Dumbbell Hammer Curls are a great finisher to toast the biceps at the end of a tough workout. Then again, what biceps exercise isn’t a great option to finish the day with?
In this guide, I’m going to teach you how to do Dumbbell Hammer Curls, what muscle groups they work and a few alternatives in case you need them.
How To Do Dumbbell Hammer Curls
- Start standing with feet flat on the ground about hip-width apart, knees slightly bent.
- Hold one dumbbell in each hand and stand tall with good posture.
- Start with palms facing in toward the body.
- Now, curl both dumbbells up to shoulder level by flexing the biceps. Palms should finish still facing one another. Do not rotate the palm up.
- Squeeze the biceps at the top of the rep and then lower back down to the starting position.
The biggest mistake I see with Hammer Curls is swinging the dumbbells at the bottom of the rep. Lower the weights down under control and do not swing them at the bottom.
The other mistake I see usually comes when an athlete is trying to use too much weight. Instead of keeping the elbow in place at their side, they allow the elbow to drift back behind the torso which turns the movement into more of a row than a curl.
Some potential benefits of hammer curls include increased strength and size in the biceps and forearms, improved grip strength, and enhanced upper-body muscular balance and symmetry.
Additionally, hammer curls can help to prevent common issues such as elbow pain and wrist strain that can arise from performing traditional bicep curls with a supinated (underhand) grip.
Hammer Curls is an isolation movement that focuses on the biceps of the upper arms as well as the forearm.
More specifically, Hammer Curls is one of the best biceps exercises to really focus on the Brachioradialis (the forearm muscle that aids in flexing the elbow). It also works the Biceps Brachii and the Brachialis.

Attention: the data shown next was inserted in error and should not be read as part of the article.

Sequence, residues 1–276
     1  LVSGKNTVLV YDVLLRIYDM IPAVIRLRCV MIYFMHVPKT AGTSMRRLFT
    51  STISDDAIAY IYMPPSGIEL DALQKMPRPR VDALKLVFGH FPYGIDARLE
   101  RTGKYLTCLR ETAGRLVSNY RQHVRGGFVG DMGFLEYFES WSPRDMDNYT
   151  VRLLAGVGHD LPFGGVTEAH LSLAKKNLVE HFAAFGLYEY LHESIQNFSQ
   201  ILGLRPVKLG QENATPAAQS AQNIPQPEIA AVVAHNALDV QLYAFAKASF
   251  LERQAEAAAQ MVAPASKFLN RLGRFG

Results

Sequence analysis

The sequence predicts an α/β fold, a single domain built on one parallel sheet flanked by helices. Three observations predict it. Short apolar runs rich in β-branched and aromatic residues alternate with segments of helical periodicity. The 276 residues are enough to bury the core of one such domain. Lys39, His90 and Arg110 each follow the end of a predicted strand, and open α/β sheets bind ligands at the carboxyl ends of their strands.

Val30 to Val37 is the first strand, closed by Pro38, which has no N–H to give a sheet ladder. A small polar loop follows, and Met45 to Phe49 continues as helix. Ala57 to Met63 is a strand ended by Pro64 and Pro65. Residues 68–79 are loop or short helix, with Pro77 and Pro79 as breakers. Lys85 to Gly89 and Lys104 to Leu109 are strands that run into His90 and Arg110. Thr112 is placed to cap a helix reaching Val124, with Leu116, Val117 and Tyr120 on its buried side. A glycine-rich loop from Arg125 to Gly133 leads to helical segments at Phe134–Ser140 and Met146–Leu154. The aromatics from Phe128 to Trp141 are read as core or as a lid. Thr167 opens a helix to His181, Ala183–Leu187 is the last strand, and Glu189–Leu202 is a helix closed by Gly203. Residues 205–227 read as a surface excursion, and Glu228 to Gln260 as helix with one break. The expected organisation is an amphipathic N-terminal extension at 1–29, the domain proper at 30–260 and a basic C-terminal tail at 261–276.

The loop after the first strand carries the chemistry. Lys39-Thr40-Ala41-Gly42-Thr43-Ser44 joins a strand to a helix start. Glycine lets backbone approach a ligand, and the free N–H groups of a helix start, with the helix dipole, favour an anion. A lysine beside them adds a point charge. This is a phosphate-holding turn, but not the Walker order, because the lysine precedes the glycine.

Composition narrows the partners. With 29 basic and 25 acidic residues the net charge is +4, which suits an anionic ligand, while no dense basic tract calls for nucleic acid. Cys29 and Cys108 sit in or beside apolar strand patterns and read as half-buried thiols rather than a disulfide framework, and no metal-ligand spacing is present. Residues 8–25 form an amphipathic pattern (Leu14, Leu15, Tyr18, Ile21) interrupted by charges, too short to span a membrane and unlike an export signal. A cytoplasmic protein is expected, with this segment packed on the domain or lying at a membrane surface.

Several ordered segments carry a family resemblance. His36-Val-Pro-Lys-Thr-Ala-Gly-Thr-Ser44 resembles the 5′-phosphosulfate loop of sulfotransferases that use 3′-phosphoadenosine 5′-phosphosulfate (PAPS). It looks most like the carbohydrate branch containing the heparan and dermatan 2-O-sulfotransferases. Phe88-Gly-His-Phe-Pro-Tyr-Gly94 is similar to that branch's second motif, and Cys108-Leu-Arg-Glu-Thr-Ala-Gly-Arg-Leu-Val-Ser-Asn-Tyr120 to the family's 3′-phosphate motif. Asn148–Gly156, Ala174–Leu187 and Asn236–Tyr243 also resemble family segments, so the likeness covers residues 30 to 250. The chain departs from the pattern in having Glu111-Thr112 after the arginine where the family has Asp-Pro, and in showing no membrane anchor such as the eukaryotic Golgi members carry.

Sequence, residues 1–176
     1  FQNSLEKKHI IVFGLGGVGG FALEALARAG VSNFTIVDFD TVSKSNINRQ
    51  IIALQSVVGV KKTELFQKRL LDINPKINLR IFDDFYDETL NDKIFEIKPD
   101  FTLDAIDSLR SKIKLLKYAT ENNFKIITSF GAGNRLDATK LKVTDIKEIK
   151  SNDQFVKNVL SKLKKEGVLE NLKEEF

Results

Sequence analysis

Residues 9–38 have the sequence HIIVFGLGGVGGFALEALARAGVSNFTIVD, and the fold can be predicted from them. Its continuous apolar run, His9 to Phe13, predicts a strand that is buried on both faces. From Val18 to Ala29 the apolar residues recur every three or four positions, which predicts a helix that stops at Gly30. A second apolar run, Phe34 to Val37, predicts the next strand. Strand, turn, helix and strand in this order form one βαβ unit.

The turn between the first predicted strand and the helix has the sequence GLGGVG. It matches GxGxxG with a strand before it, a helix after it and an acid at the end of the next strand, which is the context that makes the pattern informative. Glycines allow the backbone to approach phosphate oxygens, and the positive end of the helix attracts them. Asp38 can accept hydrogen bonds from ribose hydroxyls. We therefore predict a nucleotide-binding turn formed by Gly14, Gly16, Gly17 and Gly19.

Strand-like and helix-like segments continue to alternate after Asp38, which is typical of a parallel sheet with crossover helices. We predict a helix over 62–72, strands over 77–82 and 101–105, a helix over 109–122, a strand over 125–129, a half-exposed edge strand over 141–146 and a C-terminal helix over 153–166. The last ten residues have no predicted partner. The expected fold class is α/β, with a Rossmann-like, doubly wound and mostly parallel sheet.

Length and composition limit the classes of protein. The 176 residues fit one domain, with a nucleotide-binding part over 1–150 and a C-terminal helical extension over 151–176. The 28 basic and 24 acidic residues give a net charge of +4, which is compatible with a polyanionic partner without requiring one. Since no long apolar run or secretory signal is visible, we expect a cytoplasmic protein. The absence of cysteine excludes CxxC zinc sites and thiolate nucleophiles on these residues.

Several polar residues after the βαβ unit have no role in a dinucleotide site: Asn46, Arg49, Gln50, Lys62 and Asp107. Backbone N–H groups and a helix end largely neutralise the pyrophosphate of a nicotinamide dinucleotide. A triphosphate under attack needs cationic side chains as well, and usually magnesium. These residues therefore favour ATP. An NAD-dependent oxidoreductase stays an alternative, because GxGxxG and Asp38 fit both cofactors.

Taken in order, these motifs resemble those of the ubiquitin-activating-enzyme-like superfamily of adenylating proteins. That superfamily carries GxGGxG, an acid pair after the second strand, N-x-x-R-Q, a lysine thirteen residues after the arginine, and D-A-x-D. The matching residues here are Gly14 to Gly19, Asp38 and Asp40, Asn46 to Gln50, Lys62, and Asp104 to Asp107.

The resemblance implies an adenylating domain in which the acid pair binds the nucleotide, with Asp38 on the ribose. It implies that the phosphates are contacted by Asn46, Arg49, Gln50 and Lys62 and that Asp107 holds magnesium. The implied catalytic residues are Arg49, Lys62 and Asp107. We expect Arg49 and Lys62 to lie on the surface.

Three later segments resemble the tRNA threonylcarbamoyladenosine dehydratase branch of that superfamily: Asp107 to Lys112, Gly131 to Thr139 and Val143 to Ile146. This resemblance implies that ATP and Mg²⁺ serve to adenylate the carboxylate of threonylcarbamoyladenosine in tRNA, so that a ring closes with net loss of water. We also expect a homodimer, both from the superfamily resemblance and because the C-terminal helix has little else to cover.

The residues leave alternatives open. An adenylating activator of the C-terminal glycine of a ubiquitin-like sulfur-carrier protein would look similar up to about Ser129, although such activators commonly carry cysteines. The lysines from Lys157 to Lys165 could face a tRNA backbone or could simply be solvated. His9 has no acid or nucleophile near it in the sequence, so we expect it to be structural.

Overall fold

Best Rep Schemes for Hammer Curls
How Many Sets?
Hammer Curls are a supplemental strength exercise that is generally assigned toward the end of a workout. 2 to 4 sets are best, with 3 sets being the most common. The exact number depends on how much volume has been done up to that point in the workout.
How Many Reps?
Hammer Curls are an isolation movement that are best utilized for building muscle mass. 3 sets of 8 to 12 reps is the best rep scheme to get those biceps to grow.
Dumbbell Hammer Curl Variations
Looking to shake up your workout a bit? Here are a couple of Hammer Curl variations.
Alternating Dumbbell Hammer Curls
The simplest variation (and the one many of us probably do anyway) is to alternate curling one arm at a time. It allows you to focus on each arm individually and usually allows you to lift just a little more weight.
Regular Dumbbell Curls are a simple, but effective Hammer Curl variation.
Instead of keeping the palms neutral (facing in), turn and rotate the palms up as you curl the weight. This puts a little more emphasis on the Biceps Brachii (the major biceps muscle).
Seated Hammer Curls
Another variation for Hammer Curls is to do them seated instead of standing. With Seated Hammer Curls, everything stays the same except they are performed sitting down on a bench instead of in a standing position.
DB Hammer Curl Alternatives
If you can’t do Seated Dumbbell Hammer Curls, for whatever reason, here are a couple of alternatives. If you want even more alternatives, here are my 10 favorite Hammer Curl Alternatives.
If you don’t have dumbbells, don’t worry, Barbell Curls are a perfect (some would even say better) alternative to their dumbbell cousin.
Stand tall, grip the bar shoulder-width apart, keep elbows tucked and curl the bar up to shoulder level. Slowly lower back to the starting position and repeat for the desired number of reps.
If you’re traveling or on vacation and all you have is a resistance band, you can give Band Curls a try.
Stand on one end of a resistance band and grab the other end with both hands. With Band Curls, you can use the same neutral grip by keeping your palms facing each other.
If you have an issue that is hindering your ability to grip, band curls can be a great alternative because you drape the band over the hand or even the wrist and eliminate the need to grip a dumbbell or barbell.
Seated Dumbbell Curls
Similar to Seated Hammer Curls, Seated Dumbbell Curls can be done sitting on a bench as well. Sitting down typically helps keep a more strict range of motion and less twisting and rocking with the upper body (although it’s still easy to cheat reps if you don’t put an emphasis on good technique).
More Links and Info
Looking for more Biceps and Triceps exercises? Check out the Arm Farm section on the Exercise Library where you’ll find plenty of exercises to help you ‘fill the sleeves’.